Scotland top and English regions bottom for winter community spirit.

Tuesday 21 December 2010

Scotland top and English regions bottom for winter community spirit.

Elderly people living in Scotland are more than twice as likely to be offered bad weather help by neighbours than the UK average.

An independent survey of 11,760 people conducted by Populus for Saga, the lifestyle, financial services and travel organisation for over-50s, found that 22% were offered help during the December ice and snows by neighbours - compared to the nationwide average of 10%.

But only 4% of older people in the West Midlands said they’d been offered help, with the North West and East Anglia faring little better at 5%. London and the South West were on 7%, Wales 8%, Northern Ireland 9%, the South East 11%, the East Midlands 12%, the North East 14%, Yorkshire and Humber 16%.

The news comes as Saga launches its search for the best good neighbours in winter-battered Britain.

The survey also found that a quarter of over-75 respondents received help during the recent snowy and icy weather from their family (24%) and/or neighbours (25%). Community spirit was greatest in Scotland where 22% of all respondents (compared to 10% nationally) were helped by their neighbours. Only 1% of Saga panellists needed help - but didn’t receive any. Four out of five (80%) respondents weren’t offered help but felt that they really didn’t need any.

Icy pavements which prevent people from going out were the biggest problem for survey respondents (35%) when it is very snowy and icy; this is particularly true for the older respondent. The greatest concern for almost one in five Saga panellists (19%) is just keeping warm, given how high the heating bills are. Nevertheless, for those respondents who have not yet retired, the biggest problem is getting to work (47%).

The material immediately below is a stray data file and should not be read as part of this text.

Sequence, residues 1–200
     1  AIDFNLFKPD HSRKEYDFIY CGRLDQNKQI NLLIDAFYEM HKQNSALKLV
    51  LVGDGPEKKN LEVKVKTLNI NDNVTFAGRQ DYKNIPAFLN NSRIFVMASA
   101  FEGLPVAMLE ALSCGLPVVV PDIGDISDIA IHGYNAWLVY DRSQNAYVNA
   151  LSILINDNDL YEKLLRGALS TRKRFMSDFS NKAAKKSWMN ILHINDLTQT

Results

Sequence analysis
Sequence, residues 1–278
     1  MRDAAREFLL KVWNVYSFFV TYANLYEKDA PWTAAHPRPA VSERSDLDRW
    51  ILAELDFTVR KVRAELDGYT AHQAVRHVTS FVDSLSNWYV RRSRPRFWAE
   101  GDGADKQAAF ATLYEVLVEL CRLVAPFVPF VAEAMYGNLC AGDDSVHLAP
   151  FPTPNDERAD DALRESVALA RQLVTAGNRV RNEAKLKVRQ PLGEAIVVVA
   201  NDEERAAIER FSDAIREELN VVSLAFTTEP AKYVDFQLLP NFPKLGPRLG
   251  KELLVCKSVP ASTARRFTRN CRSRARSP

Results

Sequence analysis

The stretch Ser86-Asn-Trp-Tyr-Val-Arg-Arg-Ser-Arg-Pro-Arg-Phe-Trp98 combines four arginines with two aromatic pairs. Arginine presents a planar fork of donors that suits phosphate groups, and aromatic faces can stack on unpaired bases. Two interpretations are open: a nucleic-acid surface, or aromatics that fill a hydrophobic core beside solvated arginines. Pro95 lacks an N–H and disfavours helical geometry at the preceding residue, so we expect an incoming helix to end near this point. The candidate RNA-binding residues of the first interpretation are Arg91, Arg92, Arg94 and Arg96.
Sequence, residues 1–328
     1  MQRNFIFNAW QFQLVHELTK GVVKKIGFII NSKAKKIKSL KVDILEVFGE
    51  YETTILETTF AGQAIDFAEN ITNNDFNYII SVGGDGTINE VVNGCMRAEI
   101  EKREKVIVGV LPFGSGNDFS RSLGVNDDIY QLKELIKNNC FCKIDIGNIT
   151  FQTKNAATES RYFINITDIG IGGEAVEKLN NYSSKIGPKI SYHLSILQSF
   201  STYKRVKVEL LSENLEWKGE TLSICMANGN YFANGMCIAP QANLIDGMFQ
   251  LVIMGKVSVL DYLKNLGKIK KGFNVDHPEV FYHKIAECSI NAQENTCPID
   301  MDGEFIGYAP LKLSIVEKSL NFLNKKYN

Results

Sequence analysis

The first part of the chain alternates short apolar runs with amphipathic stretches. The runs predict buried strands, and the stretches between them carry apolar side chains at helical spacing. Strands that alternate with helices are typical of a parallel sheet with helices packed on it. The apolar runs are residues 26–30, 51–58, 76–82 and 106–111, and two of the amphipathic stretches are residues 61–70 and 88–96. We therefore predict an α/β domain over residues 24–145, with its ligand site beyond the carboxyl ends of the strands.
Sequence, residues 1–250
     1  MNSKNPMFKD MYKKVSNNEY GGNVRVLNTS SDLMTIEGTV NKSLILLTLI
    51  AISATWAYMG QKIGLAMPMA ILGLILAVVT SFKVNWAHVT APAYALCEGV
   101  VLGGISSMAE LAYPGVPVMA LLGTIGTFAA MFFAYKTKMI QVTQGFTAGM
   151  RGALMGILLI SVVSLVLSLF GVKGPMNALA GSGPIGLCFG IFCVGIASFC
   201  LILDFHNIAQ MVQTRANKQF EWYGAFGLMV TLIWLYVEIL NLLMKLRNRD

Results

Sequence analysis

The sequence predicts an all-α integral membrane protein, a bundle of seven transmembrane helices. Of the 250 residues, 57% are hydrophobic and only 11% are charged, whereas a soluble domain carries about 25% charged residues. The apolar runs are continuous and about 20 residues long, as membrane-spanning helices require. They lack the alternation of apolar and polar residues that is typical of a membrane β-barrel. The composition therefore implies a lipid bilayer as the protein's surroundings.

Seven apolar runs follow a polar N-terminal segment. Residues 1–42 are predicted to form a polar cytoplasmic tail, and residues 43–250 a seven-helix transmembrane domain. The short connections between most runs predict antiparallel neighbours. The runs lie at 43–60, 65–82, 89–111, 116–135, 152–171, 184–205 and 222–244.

Saga is launching a “Good Neighbour Roll of Honour” to demonstrate the positive effects the bad weather can have and how it is truly becoming a word for today as neighbours pull together in times of hardship.

“You don’t have to dive into a freezing river or try and stop a sliding vehicle to be considered a hero by your older neighbours”, said Emma Soames, Editor-at-Large of Saga Magazine.

“Saga wants to celebrate the good neighbours who are truly making a difference to the lives of older people this winter.

“It doesn’t take much; just offering to go out for groceries or providing a lift to get to appointments or a helping hand so they can go on with their normal lives is so important at this time of year and can make a massive difference to physical and mental wellbeing – for both the helped and the helper.

“We are asking people who are benefiting from the kindness of a good neighbour to let Saga know who they are and we will add their names to our Good Neighbours roll of honour which will be published on the Saga website.

“We only need to know their name - or indeed just their first or nickname and the town or location you and they live in. And then we'd like a short sentence on how they are making a difference in your area while the weather is making life tricky for us all.”

Nominations can be emailed to, or posted to: Press Team, Saga Building, Enbrook Park, Folkestone, Kent CT20 3SE

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For further information please do not hesitate to contact the Saga Press Office on 01303 771529.

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